On his return to India in 1939, Tan busied himself in promoting visits between the two countries. With the help of the Sino-Indian Cultural Society, Nehru's visit to China was organised between the 20th August and the 6th September. On the eve of Nehruís departure Tan had sent a telegram to Chiang informing him of the exact date of Nehruís arrival. In 1940 and 1941 Tan was instrumental in arranging visits to India of a Chinese Buddhist delegation led by the Rev. Tai Hsu and the visit of Dr. Tai Chi Tao. In 1942 came the visit to India of Generalissimo Chiang Kai-shek and Madam Chiang. They visited Santiniketan and made a donation to Cheena Bhavana; and, although India was not yet free of British rule, Tan was able to arrange a series of meetings between Chiang and Nehru. This could not but have a profound influence on the thinking of both men, on the one about India's independence and on the other about China and the war. Lest Chiang harboured any fears that India's struggle for independence would impede the war effort, Nehru got Gandhiji to send Chiang the assurance that "whatever action I may recommend will be governed by the consideration that it should not injure China ..... and ..... must lead to the strengthening of India's and China's defence."

For his tireless efforts, Tan was awarded the Victory Medal in 1945 by the Chinese government. The same year he went back to China with his wife to found the Datong school at Changsha, but he was back again in Santiniketan in 1948 in continuous pursuance of the added responsibility which had come to him with the eminently appropriate title of China's "Cultural Representative", already bestowed on him at the time when China appointed its first ambassador to independent India. Why not "Cultural ambassador," one wonders. Perhaps protocol came in the way but, protocol or no protocol, Nehru, now Prime Minister, wrote to Tan, "I hope that with your assistance and advice we shall develop further cultural contacts with China."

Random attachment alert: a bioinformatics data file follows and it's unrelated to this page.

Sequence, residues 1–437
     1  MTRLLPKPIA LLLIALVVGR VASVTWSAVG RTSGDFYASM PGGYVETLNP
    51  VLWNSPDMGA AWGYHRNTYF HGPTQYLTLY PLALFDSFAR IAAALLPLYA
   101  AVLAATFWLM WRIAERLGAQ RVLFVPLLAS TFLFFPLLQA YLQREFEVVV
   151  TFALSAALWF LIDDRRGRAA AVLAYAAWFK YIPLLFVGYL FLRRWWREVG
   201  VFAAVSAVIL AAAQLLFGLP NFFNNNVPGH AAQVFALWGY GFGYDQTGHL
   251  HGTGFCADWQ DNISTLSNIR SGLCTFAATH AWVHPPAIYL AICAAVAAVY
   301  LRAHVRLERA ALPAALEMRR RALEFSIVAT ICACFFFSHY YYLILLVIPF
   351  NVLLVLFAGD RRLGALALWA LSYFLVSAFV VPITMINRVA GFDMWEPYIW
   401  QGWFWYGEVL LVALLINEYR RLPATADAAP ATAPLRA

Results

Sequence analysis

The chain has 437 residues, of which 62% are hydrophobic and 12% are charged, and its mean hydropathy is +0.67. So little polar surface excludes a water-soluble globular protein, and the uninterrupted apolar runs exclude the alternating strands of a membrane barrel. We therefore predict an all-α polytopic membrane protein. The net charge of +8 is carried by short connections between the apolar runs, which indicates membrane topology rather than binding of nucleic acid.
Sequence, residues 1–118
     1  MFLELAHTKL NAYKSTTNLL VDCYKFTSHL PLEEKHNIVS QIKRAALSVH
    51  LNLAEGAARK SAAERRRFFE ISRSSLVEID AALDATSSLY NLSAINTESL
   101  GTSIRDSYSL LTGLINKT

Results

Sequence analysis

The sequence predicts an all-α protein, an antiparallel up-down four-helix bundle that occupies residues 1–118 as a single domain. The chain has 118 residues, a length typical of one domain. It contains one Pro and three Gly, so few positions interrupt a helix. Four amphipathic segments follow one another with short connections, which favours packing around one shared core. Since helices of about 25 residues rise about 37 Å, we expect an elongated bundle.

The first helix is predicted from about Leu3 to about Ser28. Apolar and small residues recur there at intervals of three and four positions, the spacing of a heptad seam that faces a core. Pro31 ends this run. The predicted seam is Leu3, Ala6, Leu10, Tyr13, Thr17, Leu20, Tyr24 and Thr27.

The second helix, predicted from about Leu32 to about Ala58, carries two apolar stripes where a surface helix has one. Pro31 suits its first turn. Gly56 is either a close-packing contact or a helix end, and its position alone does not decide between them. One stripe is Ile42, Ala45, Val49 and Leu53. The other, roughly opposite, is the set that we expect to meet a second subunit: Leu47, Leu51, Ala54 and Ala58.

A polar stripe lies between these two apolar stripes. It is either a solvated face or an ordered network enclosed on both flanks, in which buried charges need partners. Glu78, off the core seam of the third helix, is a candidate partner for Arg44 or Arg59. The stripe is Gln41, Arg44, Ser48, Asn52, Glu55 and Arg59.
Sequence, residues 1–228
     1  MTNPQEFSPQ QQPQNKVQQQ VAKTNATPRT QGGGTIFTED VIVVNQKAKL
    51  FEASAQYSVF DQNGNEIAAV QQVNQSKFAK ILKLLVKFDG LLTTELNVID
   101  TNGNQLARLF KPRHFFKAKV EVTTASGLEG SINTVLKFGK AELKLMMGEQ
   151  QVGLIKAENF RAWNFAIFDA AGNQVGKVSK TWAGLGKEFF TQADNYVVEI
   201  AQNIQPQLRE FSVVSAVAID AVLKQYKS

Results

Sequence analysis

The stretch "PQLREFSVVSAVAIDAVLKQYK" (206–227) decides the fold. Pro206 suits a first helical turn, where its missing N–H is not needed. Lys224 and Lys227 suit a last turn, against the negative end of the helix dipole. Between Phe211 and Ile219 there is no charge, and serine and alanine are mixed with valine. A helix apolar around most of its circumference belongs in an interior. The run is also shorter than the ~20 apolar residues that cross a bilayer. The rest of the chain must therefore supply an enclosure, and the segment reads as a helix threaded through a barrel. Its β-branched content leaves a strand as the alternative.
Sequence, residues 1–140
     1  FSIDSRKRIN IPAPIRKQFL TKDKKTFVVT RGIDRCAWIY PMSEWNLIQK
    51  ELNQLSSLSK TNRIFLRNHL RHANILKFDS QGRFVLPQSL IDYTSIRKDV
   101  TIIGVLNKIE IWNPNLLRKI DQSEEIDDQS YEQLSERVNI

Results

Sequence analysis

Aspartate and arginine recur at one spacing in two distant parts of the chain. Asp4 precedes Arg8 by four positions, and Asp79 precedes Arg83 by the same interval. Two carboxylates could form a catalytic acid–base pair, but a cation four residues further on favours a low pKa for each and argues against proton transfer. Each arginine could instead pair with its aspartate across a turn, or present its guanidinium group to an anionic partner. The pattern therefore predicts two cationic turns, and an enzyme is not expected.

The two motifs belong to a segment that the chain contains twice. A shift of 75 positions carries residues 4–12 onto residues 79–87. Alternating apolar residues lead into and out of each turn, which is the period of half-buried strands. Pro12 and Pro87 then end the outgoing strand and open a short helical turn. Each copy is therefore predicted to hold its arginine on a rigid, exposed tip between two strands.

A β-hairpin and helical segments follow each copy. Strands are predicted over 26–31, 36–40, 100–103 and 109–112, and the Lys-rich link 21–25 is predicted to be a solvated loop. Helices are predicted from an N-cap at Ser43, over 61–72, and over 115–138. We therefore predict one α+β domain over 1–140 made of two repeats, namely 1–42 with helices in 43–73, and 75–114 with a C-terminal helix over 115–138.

But it was more than cultural affairs that Tan found himself drawn into. Years earlier, in the days of his youth in the early 1920s in Changsha, he had joined the progressive students' movement when he was pursuing his studies both at the first Normal School and at the Chuanshan Academy. The movement had been led by Mao Zedong, several years his senior at both the Normal School and Chuanshan. Now, almost three decades later, Tan wrote to his former acquaintance Mao, advising, firstly, that China should not lean to one side or the other; secondly, that Sino-Indian friendship be strengthened; and, thirdly, that the Taiwan issue be settled peacefully. As, unfortunately, the border situation between India and China took a turn for the worse, one notices a flurry of activity on Tan's part. In September 1956 he was invited to visit China where he met in Beijing Mao and other Chinese leaders, former teachers and fellow-students. In January 1957 he was instrumental in getting Premier Zhou Enlai to visit santiniketan where Zhou received an honorary degree. Zhou also visited Cheena Bhavana and decided on a donation of funds and books. Early in 1958 Tan was received by President Dr. Rajendra Prasad in Delhi and again in September, 1959, just before Tan left for China at the invitation of the Chinese government. In his 1959 visit, he had several rounds of discussion with Premier Zhou and followed these up with discussions with Prime Minister Nehru on his return to India in 1960. But political events moved to their tragic denouement and when, at the santiniketan Convocation in December 1962, Nehru spoke about the border-war but, seeing Tan, added immediately that the people of China would always be India's friends, Tan was overcome by emotion and could not withhold his tears.